Filtering Apache Solr search results based on dynamic fields

You may often have content in Drupal that should not appear for certain user roles. There are many ways to accomplish this in the CMS, but restricting them from search results is often overlooked. If you are using Apache Solr for your search engine, the apachesolr_nodeaccess module integrates with Drupal’s node access system to restrict results. However, what if your access rules are more fine-grained than just content types?

What if users are restricted from viewing certain content based on taxonomy terms or vocabularies?

Brad Blake
#Development | Posted

You may often have content in Drupal that should not appear for certain user roles. There are many ways to accomplish this in the CMS, but restricting them from search results is often overlooked. If you are using Apache Solr for your search engine, the apachesolr_nodeaccess module integrates with Drupal’s node access system to restrict results. However, what if your access rules are more fine-grained than just content types?

What if users are restricted from viewing certain content based on taxonomy terms or vocabularies? ( something accomplished in the CMS with modules such as Taxonomy Access Control Lite )

You could return all results and use logic in your template to determine if a result should be shown to a user, but it’s much more efficient to use the apachesolr module’s hooks to determine what search results are returned.

We’ll focus on two hooks provided by the apachesolr module: hook_apachesolr_update_index and hook_apachesolr_modify_query.

hook_apachesolr_update_index is invoked whenever a node is being indexed by Apache Solr. You can use this hook to modify attributes of the node or create your own custom fields before the node gets indexed. The following function adds two custom fields.

  1. function mymodule_apachesolr_update_index(&$document, $node) {
  2. .. code to determine values ..
  3.  
  4. $document->addField('is_example_1', $example1_value);
  5. $document->addField('is_example_2', $example2_value);
  6. }

The ‘is_’ prefix on the field name is important. Solr has a list of pre-defined prefixes located in the schema.xml file in your apachesolr module directory. Look for the section marked “Dynamic field definitions”, which lists all possible field name prefixes and their associated data types. If you create a custom field that does not include one of these prefixes, your field will not be added to the index.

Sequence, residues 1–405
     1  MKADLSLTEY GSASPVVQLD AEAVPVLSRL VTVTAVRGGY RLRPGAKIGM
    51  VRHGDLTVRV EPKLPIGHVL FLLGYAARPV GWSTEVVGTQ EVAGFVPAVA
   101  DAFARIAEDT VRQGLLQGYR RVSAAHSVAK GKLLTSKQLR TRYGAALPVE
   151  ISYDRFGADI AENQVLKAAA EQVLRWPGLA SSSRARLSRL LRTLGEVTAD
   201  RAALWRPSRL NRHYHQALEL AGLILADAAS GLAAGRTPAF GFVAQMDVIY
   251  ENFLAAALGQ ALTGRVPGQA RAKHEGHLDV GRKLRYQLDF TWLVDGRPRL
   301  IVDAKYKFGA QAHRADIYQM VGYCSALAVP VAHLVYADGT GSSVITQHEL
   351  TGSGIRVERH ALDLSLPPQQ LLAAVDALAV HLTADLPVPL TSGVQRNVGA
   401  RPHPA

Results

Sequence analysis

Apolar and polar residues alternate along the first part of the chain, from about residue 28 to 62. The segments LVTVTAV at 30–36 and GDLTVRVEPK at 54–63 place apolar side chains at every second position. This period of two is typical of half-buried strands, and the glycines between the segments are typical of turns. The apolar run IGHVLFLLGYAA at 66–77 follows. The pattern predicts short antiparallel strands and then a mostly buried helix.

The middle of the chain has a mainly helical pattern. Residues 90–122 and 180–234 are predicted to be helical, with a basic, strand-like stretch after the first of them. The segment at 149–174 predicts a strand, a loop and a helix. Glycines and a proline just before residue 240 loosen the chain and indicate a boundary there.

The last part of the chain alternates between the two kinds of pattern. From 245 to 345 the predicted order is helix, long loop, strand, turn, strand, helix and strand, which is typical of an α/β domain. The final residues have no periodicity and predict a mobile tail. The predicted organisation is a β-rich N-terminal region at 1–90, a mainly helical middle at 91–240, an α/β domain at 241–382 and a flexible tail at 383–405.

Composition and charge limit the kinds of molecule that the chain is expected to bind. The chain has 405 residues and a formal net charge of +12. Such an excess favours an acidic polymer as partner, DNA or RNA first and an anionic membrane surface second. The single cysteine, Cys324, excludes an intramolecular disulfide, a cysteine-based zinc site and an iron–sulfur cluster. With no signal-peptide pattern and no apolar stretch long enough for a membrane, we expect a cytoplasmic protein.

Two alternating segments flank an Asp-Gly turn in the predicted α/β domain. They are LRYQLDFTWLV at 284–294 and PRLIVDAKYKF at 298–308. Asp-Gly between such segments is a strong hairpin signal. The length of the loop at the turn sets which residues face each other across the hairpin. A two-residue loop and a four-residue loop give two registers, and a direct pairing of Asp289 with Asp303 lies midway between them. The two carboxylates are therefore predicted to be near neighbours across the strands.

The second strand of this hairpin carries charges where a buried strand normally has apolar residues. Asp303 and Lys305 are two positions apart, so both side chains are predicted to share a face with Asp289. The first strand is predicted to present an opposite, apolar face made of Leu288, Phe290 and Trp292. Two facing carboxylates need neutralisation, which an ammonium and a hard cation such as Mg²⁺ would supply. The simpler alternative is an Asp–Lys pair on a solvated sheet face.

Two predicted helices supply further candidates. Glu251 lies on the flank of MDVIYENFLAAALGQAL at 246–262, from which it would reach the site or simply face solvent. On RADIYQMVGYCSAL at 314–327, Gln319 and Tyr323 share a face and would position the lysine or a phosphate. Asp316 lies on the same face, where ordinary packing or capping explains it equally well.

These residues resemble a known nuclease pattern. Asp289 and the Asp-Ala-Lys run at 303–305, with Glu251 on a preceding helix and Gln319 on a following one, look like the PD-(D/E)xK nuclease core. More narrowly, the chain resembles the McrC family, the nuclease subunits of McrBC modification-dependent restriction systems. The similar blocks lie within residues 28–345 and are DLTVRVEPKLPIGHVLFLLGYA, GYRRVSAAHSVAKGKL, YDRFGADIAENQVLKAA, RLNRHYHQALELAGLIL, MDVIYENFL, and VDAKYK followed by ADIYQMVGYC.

To make sure your field is being included, look at the status page ( /admin/reports/apachesolr ) to see all current fields in the index.

hook_apachesolr_modify_query is invoked before the search query is sent to Solr. Here we can filter out nodes based on the fields we created. In the following example, we add filters to the query based on user permissions.

  1. function mymodule_apachesolr_modify_query(&$query, &$params, $caller) {
  2. if (!user_access("access example1 content")) {
  3. $query->add_filter("is_example_1", 1, TRUE);
  4. }
  5. if (!user_access("access example2 content")) {
  6. $query->add_filter("is_example_2", 1, TRUE);
  7. }
  8. }

The first parameter to the add_filter function is the field name, the second is the value to search on, and the third is a boolean value. If this value is true, then matching items are removed from the result set. You can add filters on any of the fields that are in the index such as node type or status, not just ones that you have created.

Either of these hooks can be used on their own, but together they allow for very powerful control over the search results presented to your users.

Brad Blake